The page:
LANSING – Two counties in the Upper Peninsula where among six to receive state transportation economic development grants from the Michigan Department of Transportation.
The six Transportation Economic Development Fund (TEDF) grants total more than $6.8 million. They include projects in Chippewa and Delta Counties.
“The TEDF program makes a real difference in the economic vitality of communities across Michigan,” said State Transportation Director Kirk T. Steudle. “These grants will support jobs in the Upper Peninsula, as well as downstate.”
AMI Hose, LLC, is an automotive supplier that will be producing a Teflon-coated braided hose for the automotive industry in Sault Ste. Marie. The company chose the site on Industrial Park Drive for its proximity to AMI Industries and I-75.
AMI Hose will share an existing facility, located in an industrial park on the west side of the city, with AMI Industries. After considering Indiana, the company chose to locate in Michigan. The company will invest $2.7 million in new equipment and create 40 new jobs.
West Easterday Avenue connects Industrial Park Drive to I-75. Heavy traffic and drainage issues have caused the pavement to deteriorate and increased traffic from the planned expansion will lead to further deterioration. The proposed work will improve pavement condition, correct drainage issues, extend pavement life and allow AMI Hose to continue to use the all-season access that West Easterday Avenue provides.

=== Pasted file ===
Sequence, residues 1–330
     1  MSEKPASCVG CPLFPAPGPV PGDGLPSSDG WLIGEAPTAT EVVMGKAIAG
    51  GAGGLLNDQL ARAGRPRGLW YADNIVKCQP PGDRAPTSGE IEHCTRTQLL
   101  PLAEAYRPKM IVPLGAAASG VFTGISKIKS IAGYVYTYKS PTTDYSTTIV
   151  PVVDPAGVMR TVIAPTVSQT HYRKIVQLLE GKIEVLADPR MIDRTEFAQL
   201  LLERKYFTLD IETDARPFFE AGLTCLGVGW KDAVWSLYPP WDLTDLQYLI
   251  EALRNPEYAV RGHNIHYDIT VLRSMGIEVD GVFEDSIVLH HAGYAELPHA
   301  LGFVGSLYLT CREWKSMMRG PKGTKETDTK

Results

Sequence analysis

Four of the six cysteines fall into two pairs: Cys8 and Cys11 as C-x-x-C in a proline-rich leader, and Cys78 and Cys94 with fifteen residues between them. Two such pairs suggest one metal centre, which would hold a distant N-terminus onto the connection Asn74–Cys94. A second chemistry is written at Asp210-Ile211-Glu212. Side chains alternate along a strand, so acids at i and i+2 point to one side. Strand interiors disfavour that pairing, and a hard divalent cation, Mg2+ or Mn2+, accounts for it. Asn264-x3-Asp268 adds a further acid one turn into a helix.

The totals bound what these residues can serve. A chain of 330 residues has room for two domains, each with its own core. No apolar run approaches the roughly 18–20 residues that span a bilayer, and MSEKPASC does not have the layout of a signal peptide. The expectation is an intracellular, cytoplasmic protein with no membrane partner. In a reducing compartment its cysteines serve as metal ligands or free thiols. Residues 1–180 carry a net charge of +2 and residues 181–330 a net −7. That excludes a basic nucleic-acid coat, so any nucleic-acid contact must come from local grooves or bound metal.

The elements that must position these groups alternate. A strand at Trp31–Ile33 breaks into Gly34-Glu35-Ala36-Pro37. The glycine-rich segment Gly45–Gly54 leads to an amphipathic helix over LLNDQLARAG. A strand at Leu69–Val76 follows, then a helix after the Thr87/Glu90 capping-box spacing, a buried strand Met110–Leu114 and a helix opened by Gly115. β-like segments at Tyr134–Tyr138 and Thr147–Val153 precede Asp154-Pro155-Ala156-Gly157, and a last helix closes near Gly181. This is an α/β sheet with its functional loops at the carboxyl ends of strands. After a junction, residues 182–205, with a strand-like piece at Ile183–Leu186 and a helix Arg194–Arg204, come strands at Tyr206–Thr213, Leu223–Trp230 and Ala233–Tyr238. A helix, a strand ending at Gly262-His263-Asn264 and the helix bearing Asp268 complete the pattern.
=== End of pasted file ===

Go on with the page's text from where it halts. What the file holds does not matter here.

The estimated cost of these transportation improvements is $560,000, including $448,000 in state TEDF funds and $112,000 from the city.
Omya, Inc. manufactures a variety of chemical products for several industries. At its new manufacturing plant co-located with the New Page paper mill in Wells Township, Omya will be manufacturing precipitated calcium carbonate for use in paper manufacturing.
It will invest $15,000,000 to construct a new plant and install equipment, creating six new jobs and transferring one position to Michigan.
Mead Road (County Road 59) is currently an all-season route that is severely deteriorated. The current shoulders are inadequate and drainage is poor. Omya commercial and employee traffic will use Mead Road to access the new plant.
In addition, all logging trucks accessing the paper mill currently use Mead Road to make deliveries and leave the mill. The project will allow Omya to bring in full truck loads on an improved all-season route, and the increased road width and shoulders will improve safety for all users.
The estimated cost for these transportation improvements is $250,300, including $200,000 in state TEDF funds and $50,300 from the Delta County Road Commission.
Other counties to receive TEDF grants are Ingham, Livingston, Oakland and Oceana Counties.